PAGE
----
Framing the future for digital skills

As demand for digital skills continue to grow, employers want people who are digital creators, particularly people who can make things using digital technology. This is the basis of CCEA’s Digital Framework.

We want young people to leave school with the skills to create things with digital devices. We want them to be able to code and interact with software in a way that adds value. We want them to be ready for employment.

To achieve this, we set about revising and modernising the curriculum and qualifications used by our schools.

The Digital Skills framework

Over the past three years, we have transformed our GCSE and GCE (A/AS-Level) framework. We introduced GCE Software Systems Development, a qualification specifically designed to encourage people to pursue employment in the software industry. We closed GCSE and GCE ICT, replacing it with GCSE and GCE Digital Technology. This has required learners to code in all aspects of digital education.

More and more primary schools are now adopting ‘block based coding’ through Scratch. Research shows that block coding improves confidence in coding and computational thinking with primary school learners.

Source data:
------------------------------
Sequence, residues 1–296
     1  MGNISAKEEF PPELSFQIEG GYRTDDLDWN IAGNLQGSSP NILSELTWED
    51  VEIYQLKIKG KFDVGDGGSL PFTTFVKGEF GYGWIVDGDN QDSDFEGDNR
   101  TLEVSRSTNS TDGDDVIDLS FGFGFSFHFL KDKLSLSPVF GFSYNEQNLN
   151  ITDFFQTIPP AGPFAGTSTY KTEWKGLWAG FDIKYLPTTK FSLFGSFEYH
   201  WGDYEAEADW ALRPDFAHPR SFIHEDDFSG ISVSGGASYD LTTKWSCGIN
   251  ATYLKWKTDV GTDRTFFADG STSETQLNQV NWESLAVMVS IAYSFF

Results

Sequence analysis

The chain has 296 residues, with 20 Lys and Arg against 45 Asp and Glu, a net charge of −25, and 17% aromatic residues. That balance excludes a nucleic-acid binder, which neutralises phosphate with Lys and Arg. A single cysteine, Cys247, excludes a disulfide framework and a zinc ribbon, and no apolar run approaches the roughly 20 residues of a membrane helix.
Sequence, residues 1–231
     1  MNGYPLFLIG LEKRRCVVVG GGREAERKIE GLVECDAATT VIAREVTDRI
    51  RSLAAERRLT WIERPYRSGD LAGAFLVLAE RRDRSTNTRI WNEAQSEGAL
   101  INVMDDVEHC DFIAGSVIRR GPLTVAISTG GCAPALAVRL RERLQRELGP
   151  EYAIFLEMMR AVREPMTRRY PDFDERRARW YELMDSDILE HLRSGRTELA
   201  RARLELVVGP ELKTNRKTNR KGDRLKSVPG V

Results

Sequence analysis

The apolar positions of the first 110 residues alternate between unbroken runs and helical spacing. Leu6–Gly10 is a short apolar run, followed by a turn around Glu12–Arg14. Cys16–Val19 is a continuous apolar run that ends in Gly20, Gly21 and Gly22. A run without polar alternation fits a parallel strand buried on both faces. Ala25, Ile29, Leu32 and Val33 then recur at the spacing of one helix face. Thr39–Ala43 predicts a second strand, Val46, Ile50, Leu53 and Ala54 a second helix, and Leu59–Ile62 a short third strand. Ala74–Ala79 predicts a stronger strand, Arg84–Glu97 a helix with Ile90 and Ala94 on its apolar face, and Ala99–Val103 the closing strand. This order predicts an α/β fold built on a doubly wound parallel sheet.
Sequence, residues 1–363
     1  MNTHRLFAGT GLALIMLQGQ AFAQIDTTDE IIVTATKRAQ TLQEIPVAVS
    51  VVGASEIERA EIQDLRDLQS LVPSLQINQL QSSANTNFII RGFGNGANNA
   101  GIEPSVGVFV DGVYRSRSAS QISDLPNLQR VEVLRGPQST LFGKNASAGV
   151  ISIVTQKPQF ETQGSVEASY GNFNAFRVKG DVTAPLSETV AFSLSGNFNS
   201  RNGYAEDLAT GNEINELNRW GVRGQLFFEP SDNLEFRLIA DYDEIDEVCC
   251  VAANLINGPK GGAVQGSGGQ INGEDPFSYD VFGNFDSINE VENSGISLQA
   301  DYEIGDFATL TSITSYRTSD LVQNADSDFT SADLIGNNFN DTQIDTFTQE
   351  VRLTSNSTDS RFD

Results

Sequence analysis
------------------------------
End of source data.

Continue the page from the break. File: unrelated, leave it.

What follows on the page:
More recently, we have worked with Minecraft, by developing worlds that introduce problem solving and thinking skills to young people.

We are now finishing our curriculum work, with the introduction of a Key Stage 3 (ages 12 to 14) resource that introduces young people to Python. This provides schools with a resource that helps Year 10 students to develop their current skills whilst encouraging them to continue with their Digital Technology studies at GCSE.

Our approach means there is a clear pathway from primary school through to university.

However, we recognise that there is work needed to help support teachers in the delivery of the curriculum in classrooms. We have worked with industry partners to provide teacher upskilling across both primary and post primary schools. This has included:

• training workshops on computational thinking and coding with Scratch in the primary classroom; 
• C# and Python upskilling to support delivery of GCSE Digital Technology (programming); and
• Object Oriented Programming training to support the delivery of GCE Software Systems Development.

Support, from employers and our wider stakeholders, is essential as we continue to support the digital skills development in Northern Ireland.

We also recognise that voluntary groups, such as Coder Dojo, add significant value and are making our coding and digital technology resources available to them.

We look forward to continuing to build a digital skills pathway for all learners, and working in partnership with local government, employers, organisations and our schools.

For more information on our digital skills work, the resources, and how you can be involved visit

W: www.ccea.org.uk/digitalskills

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